The day after a Soviet interceptor plane blew up a Korean passenger jet, the first sentence of a New York Times editorial (9/2/83) was unequivocal: “There is no conceivable excuse for any nation shooting down a harmless airliner.” Headlined “Murder in the Air,” the editorial asserted that “no circumstance whatever justifies attacking an innocent plane.”
Confronted with the sudden reality of a similar action by the U.S. government, the New York Times inverted every standard invoked with righteous indignation five years earlier. Editorials condemning the KAL shoot down were filled with phrases like “wanton killing,” “reckless aerial murder” and “no conceivable excuse.” But when Iran Air’s flight 655 was blown out of the sky on July 3, excuses were more than conceivable–they were profuse.
Two days after the Iranian passenger jet went down in flames, killing 290 people, the Times (7/5/88) editorialized that “while horrifying, it was nonetheless an accident.” The editorial concluded, “The onus for avoiding such accidents in the future rests on civilian aircraft: avoid combat zones, fly high, acknowledge warnings.”
A similar pattern pervaded electronic media coverage. In the aftermath of the KAL incident, America’s airwaves routinely carried journalistic denunciations. CBS anchor Dan Rather, for example, called it a “barbaric act.” No such adjectives were heard from America’s TV commentators when discussing the U.S. shootdown of a civilian jet.
As soon as the Iranian Airbus crashed into the Persian Gulf, the Reagan administration set out to discourage what should have been obvious comparisons between the Soviet Union’s tragic mistake and our tragic mistake. The New York Times and other media uncritically quoted the president’s July 4 resurrection of his administration’s timeworn deceit: “Remember the KAL, a group of Soviet fighter planes went up, identified the plane for what it was and then proceeded to shoot it down. There’s no comparison.”
Virtually ignored was a key finding of Seymour Hersh’s 1986 book The Target Is Destroyed — that the Reagan administration knew within days of the KAL shootdown that the Soviets had believed it to be a military aircraft on a spy mission. Soviet commanders had no idea that they were tracking a plane with civilians on board. The Times had acknowledged this long after the fact in an editorial, “The Lie That Wasn’t Shot Down” (1/18/88); yet when Reagan lied again, they failed again to shoot it down.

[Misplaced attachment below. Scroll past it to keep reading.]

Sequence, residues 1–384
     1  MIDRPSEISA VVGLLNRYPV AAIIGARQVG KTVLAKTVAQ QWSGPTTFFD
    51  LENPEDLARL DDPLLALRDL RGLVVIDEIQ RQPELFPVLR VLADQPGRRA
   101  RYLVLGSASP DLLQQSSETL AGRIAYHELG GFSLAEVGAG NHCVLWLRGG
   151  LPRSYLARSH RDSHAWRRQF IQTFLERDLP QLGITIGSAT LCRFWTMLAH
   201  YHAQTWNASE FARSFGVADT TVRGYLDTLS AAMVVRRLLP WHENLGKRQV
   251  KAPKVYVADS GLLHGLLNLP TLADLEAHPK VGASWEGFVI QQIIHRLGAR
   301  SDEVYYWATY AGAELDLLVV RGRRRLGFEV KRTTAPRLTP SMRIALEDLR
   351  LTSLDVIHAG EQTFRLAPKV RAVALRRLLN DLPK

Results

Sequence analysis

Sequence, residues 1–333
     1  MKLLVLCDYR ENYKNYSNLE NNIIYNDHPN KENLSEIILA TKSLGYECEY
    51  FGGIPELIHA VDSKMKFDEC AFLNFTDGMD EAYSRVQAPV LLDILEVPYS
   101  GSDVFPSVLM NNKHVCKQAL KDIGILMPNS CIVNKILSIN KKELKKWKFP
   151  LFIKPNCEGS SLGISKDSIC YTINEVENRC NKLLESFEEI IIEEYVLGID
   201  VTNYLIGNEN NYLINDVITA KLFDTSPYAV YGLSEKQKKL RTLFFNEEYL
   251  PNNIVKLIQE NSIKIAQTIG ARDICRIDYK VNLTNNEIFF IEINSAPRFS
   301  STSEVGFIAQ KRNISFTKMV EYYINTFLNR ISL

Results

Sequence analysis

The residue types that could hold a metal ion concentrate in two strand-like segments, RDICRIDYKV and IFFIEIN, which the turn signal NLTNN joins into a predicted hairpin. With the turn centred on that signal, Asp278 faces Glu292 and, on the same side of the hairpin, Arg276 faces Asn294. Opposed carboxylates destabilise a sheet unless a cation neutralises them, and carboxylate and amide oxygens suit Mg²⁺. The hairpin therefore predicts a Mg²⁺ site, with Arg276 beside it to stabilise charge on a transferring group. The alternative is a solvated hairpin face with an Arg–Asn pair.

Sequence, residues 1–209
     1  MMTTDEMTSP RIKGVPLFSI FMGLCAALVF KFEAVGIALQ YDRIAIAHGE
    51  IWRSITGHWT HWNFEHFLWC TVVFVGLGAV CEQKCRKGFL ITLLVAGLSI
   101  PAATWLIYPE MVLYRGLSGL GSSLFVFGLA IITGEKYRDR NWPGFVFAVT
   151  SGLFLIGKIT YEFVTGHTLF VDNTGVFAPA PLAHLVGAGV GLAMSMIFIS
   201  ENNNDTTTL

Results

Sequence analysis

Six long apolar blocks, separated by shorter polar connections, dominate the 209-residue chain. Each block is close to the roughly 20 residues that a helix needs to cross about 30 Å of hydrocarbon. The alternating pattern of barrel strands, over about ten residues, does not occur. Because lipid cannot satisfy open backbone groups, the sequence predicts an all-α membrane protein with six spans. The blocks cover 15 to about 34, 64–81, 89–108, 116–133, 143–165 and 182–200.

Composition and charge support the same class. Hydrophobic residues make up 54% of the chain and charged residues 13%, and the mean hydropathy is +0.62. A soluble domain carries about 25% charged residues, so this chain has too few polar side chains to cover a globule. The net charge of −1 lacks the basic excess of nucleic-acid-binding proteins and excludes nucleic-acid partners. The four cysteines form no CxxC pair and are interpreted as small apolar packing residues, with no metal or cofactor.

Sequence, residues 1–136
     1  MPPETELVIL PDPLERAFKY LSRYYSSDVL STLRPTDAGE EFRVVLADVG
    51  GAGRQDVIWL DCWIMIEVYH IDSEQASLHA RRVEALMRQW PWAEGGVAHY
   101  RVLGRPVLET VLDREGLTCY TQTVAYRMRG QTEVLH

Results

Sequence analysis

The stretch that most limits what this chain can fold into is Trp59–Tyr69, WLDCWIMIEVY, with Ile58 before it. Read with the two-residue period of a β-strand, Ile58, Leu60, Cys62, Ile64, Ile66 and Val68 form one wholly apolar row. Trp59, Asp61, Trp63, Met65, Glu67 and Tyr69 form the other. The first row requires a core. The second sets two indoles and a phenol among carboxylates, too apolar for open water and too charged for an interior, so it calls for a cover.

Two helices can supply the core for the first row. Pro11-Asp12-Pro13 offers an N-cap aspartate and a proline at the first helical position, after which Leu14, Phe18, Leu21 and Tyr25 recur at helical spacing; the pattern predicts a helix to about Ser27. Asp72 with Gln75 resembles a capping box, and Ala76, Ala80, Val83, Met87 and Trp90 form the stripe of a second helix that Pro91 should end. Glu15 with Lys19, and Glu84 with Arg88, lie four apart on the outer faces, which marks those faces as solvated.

Instead, Times correspondent R.W. Apple, Jr. (7/5/88) weighed in with an analysis headlined, “Military Errors: The Snafu as History”. In his lead, Apple observed that “the destruction of an Iranian airliner…came as a sharp reminder of the pervasive role of error in military history.” The piece drew many parallels to the Iran jetliner’s tragic end — citing examples from the American Revolution, World War II and Vietnam — while ignoring the most obvious analogy. About the KAL 007 shootdown, Apple said not a word.
If anything, the recent tragedy was less defensible than the KAL disaster. The Iran Air jet went down in broad daylight, well within its approved commercial airline course over international waters, without ever having strayed into any unauthorized air space. In contrast, the Korean plane flew way off course, deep into Soviet territory above sensitive military installations, in the dead of night.
But, as with Washington’s policy-makers, the mass media was intent on debunking relevant comparisons rather than exploring them. The government’s public relations spin quickly became the mass media’s: A tragic mishap had occurred in the Persian Gulf, amid puzzling behavior of the passenger jet. Blaming the victim was standard fare, as reporters focused on the plight of U.S.S. Vincennes commander Capt. Will Rodgers III, whose picture appeared on tabloid covers (7/5/88) with bold headlines: “Captain’s Anguish” (Newsday) and “Captain’s Agony” (New York Post).
At the same time, U.S. journalists asserted that the Iranian government was eager to exploit its new propaganda advantage. Correspondent Tom Fenton informed viewers of the CBS Evening News (7/6/88) that Iran was intent on making sure the event would not slip from the world’s front pages; colleague Bert Quint followed up minutes later with a similar theme.
Sorely lacking from the outset was any semblance of soul-searching about the holier-than-Moscow Soviet-bashing that followed the KAL accident. The last thing that White House officials wanted was any such national self-examination. But we might have hoped for more independence from the U.S. media, which allowed their proclaimed precepts to spin 180 degrees in an instant, while discarding basic insights like the one expressed in a New York Times editorial six days after KAL 007 exploded (9/7/83): “To proclaim a ‘right’ to shoot down suspicious planes does not make it right to do so.”